So when can a standard co-exist with innovation?

How Can a Standard Promote Interoperability as Well as Innovation?

I think a standard works well when the designers, really, really understand what they're standardizing. It takes time. The designers must possess a kind of wisdom that lets them know exactly how what is accomplished by the system and how it achieves its goals. That lets them know the absolute minimum that must be standardized, permitting interoperability without cutting off innovation.

SMTP is an excellent example of such a standard. Its success has been imitated over the years by many other standards, including HTTP and SIP. The limitations and security weaknesses of email are infuriating, and I aired my wish for it be replaced nine years ago, but there are good reasons it's still the way most people use the Internet most of the time.

So let's take things slowly. Everybody acknowledges the value of interoperability, even Steven Martin speaking for Microsoft. His praise for "interoperability principles" isn't exactly a full commitment to interoperability, but I find it more significant than the manifesto's sweet-sounding phrases such as "an open cloud makes it easy for them to work with other groups." When we see a good standard, we'll probably know it because we'll wonder how it could be so simple.


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1 Comment

Famous examples of standards that were not defined enough to actually get connectivity were RS-232 and SCSI: even if you could plug the connectors in you could never be sure they would work.

Standardization tends to work well when standardizing the layers immediately underneath the competitive layers: in office document formats for example, consider the total lack of fuss about the XML and ZIP base, the ready accommodation of common interchange formats like MathML and JPEG, and the complete marketing freakout at the competitive layer for the features/formats themselves.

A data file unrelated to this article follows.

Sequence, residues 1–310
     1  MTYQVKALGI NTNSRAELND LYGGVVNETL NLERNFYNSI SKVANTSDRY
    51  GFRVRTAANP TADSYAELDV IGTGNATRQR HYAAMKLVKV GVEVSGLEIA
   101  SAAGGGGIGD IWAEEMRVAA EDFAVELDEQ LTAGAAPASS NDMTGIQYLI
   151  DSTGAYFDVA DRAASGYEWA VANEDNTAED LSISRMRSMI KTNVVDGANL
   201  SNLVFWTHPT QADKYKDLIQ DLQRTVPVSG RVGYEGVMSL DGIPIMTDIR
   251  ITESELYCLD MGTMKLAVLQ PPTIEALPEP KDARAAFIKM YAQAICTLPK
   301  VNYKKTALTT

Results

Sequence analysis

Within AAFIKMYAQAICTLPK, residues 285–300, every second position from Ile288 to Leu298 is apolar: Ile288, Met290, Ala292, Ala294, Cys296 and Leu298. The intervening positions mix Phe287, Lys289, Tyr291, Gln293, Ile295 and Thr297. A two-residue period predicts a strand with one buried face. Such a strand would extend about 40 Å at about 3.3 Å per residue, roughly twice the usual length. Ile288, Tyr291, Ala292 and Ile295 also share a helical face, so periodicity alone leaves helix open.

Standards need to be technical and avoid becoming part of the marketing narrative of one company or another. So the phrase in the leaked Manifesto "Cloud providers must not use their market position to lock customers into their particular platforms and limiting their choice of providers." seems like a red rag to a bull in that regard. :-)

But is the whole idea of standardization, as people generally approach it, wrong-headed? When we look at standards that have succeeded, we often see they are actually standards stacks, well-layered groupings, each building or deferring to the other, and allowing new technologies to be swapped in and out. Indeed, I think the infrastructure to allow this kind of plurality and organic development is just as important as the individual layers.

Ken Kerchmer takes this one step forwards with his "adaptability standards": if we can openly download (handlers for) the particular layers, do we really really need standards for them? Think of Codecs for media drivers: the need to know exactly how each codec works is reduced if there is ubiquitous and standardized access to the codec. (Of course, this includes on-ramp/off-ramp mechanism and the ability to keep safe copies, etc.)

Some standards do need to ask "How do we agree on consolidation of the various technologies out there?" however some also (or alternatively) need to ask "How do we support plurality safely?"